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Mt. Olive sidebar: Clarity, cost and ease of use drive new case printers

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Last January, antiquated, piezo-electric ink-jet printers for coding Mt. Olive's trays and HSCs of pickle, pepper and relish jars were replaced with new systems that Mt. Olive production manager Steve Whitman says offer "more user-friendly software, low-maintenance hardware and high-quality bar-code capability." He adds, "The software that we had been using before was very difficult to use, the systems' printheads were extremely expensive and, while the printers could print bar codes, they were not the greatest quality."

Currently installed on all of its packaging lines are RSI Industrial Print Systems (www.rsipro.com), which incorporate Hewlett-Packard Co.'s HP TIJ 2.5 print technology. According to RSI senior sales manager Tom Meutsch, the RSI system is sold as an "engineered" solution with HP disposable printhead cartridges. "Since the system is manufactured by us to order, we can easily alter the product hardware or software on a timely basis and at an affordable price," he explains. "Our concept, design, build and program engineers can and do invent solutions to meet specific manufacturing needs and issues as required by the customer."

Mt. Olive's printers, acquired through Shelton & Assoc., have been set up with two printheads on either side of each line. Each printhead houses four HP print cartridges positioned adjacent to one another and "stitched," or stepped in height, to produce a 2-in. print height. The print cartridges are mounted in HP fixtures within RSI stainless-steel printhead enclosures. On each line, the printheads are situated on a conveyor-mounted rack with skid plates that can be repositioned to meet varying tray widths and heights. Mt. Olive uses HP 4500 pigmented black ink, which Meutsch says provides a longer cap time between prints, better legibility and less reflectance for better bar codes. Information printed onto the trays and HSCs includes the product name, the expiration date, the UPC code and the time on both sides in varying heights from 1/4 to 1/2 in. (excluding the bar code).

During operation of the system, as Dan Briley, application engineering manager for HP explains, the HP print cartridge takes the formatted print data from the RSI system controller and generates ink droplets that are jetted out of the printhead to create the image on the item being printed. "The mechanical and electrical components that interface with the print cartridges ensure that the print cartridges are fixtured properly into the system and that they receive the proper electrical firing pulses to generate the ink droplets," says Briley. "This helps to ensure reliable performance with the print cartridge over its life."

To program the printers, operators use a NEMA keyboard with mouse and a flat-panel monitor attached to a Stealth PC using a Windows XP Professional-based operating system and RSI's ImagerPro software. According to Whitman, print recipes are easy to program into the PC's memory, which now holds more than 350 of Mt. Olive's recipes. As required, the programmed messages are selected and sent to the Array printhead controller from the computer via IEEE 1394 "firewire" communication for speed and reliability. All the control components are housed in a windowed, stainless-steel cabinet.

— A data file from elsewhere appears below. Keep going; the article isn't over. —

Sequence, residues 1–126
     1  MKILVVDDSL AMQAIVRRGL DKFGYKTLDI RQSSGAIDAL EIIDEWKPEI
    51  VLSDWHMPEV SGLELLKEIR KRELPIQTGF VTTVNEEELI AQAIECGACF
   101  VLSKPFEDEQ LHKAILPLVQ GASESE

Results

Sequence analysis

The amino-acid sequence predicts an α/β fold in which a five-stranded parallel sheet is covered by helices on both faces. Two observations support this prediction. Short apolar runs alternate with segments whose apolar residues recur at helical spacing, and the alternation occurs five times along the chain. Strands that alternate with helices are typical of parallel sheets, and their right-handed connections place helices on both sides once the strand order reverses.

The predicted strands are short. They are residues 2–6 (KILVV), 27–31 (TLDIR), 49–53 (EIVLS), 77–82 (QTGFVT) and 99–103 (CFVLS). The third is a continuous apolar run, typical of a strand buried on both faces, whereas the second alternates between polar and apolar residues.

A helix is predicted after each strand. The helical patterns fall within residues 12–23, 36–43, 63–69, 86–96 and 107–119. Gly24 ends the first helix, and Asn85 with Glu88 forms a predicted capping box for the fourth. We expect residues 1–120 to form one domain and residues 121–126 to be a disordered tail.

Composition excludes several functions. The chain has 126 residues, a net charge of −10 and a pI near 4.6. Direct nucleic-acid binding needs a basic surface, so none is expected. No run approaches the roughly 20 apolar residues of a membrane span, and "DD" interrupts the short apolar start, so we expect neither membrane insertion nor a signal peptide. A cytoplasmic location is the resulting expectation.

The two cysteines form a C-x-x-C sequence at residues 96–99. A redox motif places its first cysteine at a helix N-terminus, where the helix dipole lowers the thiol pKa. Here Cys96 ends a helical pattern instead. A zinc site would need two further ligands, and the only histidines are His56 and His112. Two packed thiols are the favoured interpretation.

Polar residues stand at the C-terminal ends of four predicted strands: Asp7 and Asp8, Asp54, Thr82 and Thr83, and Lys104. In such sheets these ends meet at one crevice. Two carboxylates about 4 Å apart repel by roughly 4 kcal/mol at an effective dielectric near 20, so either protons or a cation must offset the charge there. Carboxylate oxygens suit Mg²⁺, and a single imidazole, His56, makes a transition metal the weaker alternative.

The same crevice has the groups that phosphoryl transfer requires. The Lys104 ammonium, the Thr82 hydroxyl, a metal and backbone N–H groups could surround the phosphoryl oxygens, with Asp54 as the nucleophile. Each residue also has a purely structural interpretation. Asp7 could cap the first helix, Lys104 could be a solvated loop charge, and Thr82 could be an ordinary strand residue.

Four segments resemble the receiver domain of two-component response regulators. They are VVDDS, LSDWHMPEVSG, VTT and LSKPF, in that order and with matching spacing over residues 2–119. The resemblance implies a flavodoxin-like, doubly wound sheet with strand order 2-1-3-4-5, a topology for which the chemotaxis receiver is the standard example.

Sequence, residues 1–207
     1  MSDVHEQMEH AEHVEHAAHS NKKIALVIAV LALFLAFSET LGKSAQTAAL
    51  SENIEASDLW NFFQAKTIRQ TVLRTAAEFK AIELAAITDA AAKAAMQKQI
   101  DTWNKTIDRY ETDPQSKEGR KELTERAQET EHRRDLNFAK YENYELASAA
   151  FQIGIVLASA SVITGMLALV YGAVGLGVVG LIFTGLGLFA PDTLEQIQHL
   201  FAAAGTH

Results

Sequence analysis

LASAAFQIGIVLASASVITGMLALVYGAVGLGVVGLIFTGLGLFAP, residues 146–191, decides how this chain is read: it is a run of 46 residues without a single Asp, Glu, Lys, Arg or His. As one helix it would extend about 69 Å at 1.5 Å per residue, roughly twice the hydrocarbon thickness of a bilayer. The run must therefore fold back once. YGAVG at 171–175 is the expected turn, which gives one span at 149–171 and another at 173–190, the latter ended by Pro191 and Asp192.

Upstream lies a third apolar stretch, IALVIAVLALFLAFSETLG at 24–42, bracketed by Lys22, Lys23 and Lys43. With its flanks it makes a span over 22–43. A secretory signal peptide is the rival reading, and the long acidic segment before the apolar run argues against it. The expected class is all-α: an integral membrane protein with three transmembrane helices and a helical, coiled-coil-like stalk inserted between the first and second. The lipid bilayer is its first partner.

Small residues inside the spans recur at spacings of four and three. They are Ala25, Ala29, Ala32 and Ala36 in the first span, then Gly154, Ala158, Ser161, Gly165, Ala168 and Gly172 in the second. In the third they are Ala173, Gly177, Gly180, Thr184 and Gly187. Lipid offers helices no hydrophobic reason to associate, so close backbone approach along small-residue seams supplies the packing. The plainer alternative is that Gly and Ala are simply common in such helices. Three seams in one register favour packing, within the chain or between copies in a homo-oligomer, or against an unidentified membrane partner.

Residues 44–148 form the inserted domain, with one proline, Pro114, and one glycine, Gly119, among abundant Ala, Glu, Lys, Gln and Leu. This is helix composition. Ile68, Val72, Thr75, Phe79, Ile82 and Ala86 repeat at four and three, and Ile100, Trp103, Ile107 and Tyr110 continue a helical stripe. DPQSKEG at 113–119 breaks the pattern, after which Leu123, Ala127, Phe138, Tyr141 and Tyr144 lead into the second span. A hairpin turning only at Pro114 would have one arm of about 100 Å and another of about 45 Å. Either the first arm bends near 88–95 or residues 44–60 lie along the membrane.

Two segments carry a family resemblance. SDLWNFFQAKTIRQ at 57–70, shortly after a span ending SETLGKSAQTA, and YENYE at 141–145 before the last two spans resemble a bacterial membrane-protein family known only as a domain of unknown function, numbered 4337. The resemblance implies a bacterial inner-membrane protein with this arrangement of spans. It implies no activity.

From Whitman's perspective, the "number one feature" of the RSI system is the simplicity of print cartridge changeover. "It's very similar to changing an ink cartridge in a desktop printer," he says. Maintenance is quick and easy too: "You just take a damp cloth and water, and wipe the printhead clean," he adds. In contrast, the company's previous systems had to be purged regularly, which resulted in a lot of lost fluid and wasted time, as well as a messy environment.

The case-coding systems at Mt. Olive also incorporate RSI's IMS (Industrial Manifold System) 350-mL bulk-ink system, which enables the user to reduce the cost per mark by allowing each print-cartridge's life to be fully realized and by allowing them to purchase larger volumes of ink at reduced rates. Explains Meutsch, "A single bulk-ink cartridge gravity-feeds four regulators, which in turn feed the four forty-two-milliliter printhead cartridges in each printhead. The continuous, regulated flow of ink to the print cartridges is never interrupted, even during bulk-ink cartridge replacement.

"The IMS docking station holds up to four bulk-ink cartridges at 350 milliliters per cartridge, or 1,400 milliliters total. Combine that with the forty-two milliliters per printhead cartridge at eight cartridges for the printheads, and that equals more than 1,736 milliliters of ink in the system at its fullest capacity."

Regarding installation and ramp-up of the new equipment, Whitman could not be more pleased. "I can say that as far as the printing equipment that we've brought into the plant, the RSI system was probably the easiest changeover that we've ever had," he says. "With the first system we brought in, it took us almost two years to get all the bugs and kinks worked out. With the RSI printer, it was just a matter of hooking it up to the line and turning it on."

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